because of biological processing between the regions.
Value format none
Comment expected to be used only for genome-scale annotation, either
because a heterogeneous population was sequenced or because the
feature is in a region of low-quality sequence.
1.3.3 Changes in the content of index files
As described in the GB 153 release notes, the 'index' files which accompany
GenBank releases (see Section 3.3) are considered to be a legacy data product by
NCBI, generated mostly for historical reasons. FTP statistics of January 2005
seem to support this: the index files were transferred only half as frequently as
the files of sequence records. The inherent inefficiencies of the index file
format also lead us to suspect that they have little serious use by the user
community, particularly for EST and GSS records.
The software that generated the index file products received little
attention over the years, and finally reached its limitations in
February 2006 (Release 152.0). The required multi-server queries which
obtained and sorted many millions of rows of terms from several different
databases simply outgrew the capacity of the hardware used for GenBank
Our short-term solution is to cease generating some index-file content
for all EST sequence records, and for GSS sequence records that originate
via direct submission to NCBI.
The three gbacc*.idx index files continue to reflect the entirety of the
release, including all EST and GSS records, however the file contents are
These 'solutions' are really just stop-gaps, and we will likely pursue
one of two options:
a) Cease support of the 'index' file products altogether.
b) Provide new products that present some of the most useful data from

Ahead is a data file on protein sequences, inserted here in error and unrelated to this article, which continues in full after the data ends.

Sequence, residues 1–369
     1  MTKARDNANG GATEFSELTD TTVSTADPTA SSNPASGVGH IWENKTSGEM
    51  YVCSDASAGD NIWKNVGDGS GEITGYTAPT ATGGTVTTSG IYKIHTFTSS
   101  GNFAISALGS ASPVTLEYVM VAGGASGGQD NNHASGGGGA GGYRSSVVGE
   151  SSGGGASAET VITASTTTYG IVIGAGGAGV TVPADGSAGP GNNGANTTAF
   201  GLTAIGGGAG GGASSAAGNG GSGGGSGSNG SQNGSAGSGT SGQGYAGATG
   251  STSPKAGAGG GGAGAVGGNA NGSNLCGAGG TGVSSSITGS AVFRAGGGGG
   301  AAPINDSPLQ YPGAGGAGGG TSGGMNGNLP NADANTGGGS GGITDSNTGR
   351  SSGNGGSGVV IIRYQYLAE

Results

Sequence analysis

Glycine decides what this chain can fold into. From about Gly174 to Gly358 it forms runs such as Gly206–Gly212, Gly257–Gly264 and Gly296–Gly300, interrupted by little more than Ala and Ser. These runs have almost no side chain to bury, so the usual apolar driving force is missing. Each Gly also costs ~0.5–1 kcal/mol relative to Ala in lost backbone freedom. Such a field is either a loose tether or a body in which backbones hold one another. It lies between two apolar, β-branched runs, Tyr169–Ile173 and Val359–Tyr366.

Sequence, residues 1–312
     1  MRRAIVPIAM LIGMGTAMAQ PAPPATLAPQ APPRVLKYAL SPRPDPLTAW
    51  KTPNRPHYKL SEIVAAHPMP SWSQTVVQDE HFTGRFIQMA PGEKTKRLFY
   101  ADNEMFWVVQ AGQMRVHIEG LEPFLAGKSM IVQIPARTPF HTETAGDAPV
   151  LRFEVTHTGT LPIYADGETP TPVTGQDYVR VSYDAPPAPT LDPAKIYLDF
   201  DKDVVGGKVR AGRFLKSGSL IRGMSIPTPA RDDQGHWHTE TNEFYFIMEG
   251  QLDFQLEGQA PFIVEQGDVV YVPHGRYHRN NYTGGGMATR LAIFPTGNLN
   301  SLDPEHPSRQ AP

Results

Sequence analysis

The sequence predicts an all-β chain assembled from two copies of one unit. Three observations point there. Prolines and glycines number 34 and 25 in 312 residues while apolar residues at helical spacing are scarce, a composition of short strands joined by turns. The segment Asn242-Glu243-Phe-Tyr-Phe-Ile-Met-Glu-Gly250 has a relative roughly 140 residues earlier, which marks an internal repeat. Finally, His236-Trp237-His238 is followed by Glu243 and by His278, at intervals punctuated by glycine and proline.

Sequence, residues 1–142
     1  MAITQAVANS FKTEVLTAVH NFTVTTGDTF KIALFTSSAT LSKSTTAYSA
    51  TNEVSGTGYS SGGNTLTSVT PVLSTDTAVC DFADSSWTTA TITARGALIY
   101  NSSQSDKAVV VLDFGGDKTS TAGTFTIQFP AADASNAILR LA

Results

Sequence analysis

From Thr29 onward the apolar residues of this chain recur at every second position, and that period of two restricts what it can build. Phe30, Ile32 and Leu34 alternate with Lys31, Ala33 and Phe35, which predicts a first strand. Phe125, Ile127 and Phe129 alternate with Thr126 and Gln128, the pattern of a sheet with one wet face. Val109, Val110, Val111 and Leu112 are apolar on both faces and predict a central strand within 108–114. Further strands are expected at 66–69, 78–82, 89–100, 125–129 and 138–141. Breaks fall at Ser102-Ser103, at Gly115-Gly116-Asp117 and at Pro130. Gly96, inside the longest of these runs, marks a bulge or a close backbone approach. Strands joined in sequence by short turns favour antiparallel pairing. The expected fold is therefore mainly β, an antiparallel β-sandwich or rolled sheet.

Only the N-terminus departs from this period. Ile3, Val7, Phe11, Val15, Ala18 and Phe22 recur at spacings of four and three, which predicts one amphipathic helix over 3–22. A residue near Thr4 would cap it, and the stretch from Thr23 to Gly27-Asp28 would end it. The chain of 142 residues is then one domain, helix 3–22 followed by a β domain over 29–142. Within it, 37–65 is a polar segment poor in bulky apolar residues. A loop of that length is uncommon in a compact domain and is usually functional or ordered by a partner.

the legacy 'index' files, and cease support for other types of index data.
If you are a user of the 'index' files associated with GenBank releases, we
encourage you to make your wishes known, either via the GenBank newsgroup,
or via email to NCBI's Service Desk:
info from ncbi.nlm.nih.gov
Our apologies for any inconvenience that these changes may cause.
1.3.4 GSS File Header Problem
GSS sequences at GenBank are maintained in two different systems, depending
on their origin, and the dumps from those systems occur in parallel. Because
the second dump (for example) has no prior knowledge of exactly how many GSS
files will be dumped by the first, it does not know how to number its own
There is thus a discrepancy between the filenames and file headers for
eighty-two of the GSS flatfiles in Release 175.0. Consider gbgss275.seq :
GBGSS1.SEQ Genetic Sequence Data Bank
December 15 2009
NCBI-GenBank Flat File Release 175.0
GSS Sequences (Part 1)
87171 loci, 64182194 bases, from 87171 reported sequences
Here, the filename and part number in the header is "1", though the file
has been renamed as "275" based on the number of files dumped from the other
system. We hope to resolve this discrepancy at some point, but the priority
is certainly much lower than many other tasks.
1.4 Upcoming Changes
1.4.1 Increase in the size of EST and GSS sequence files
The average size of EST and GSS sequence files, uncompressed, is
approximately 222 MB. For the February 2010 GenBank release, we will
increase the average file size to about 500 MB, which would reduce
the number of EST/GSS files by about 50% (from roughly 1200 to about 600).
This change should make FTP transfers of an entire release easier to
manage (fewer files), while still maintaining a tractable uncompressed
1.4.2 New /pseudogene and /non_functional qualifiers
The GenBank 173.0 release notes described an anticipated conversion
of the /pseudo qualifer to /non_functional, based on the results of
the May 2009 INSDC annual meeting:
"Because the term "pseudo" is often assumed to mean 'pseudogene',
the /pseudo qualifier will be renamed as /non_functional, to
better reflect its actual usage in the sequence databases."
During follow-up discussions, the INSDC members decided that existing
uses of /pseudo can include both of the possible meanings of the term,
and that a more conservative course would be to introduce two new
Sequence submission tools will be updated to utilize these, and
the ambiguous /pseudo qualifier will be deprecated. If it is
possible, existing instances of /pseudo would then be converted
to one of the two new qualifiers.
/pseudogene and /non_functional will become legal for the Feature
Table as of the April 2010 GenBank Release.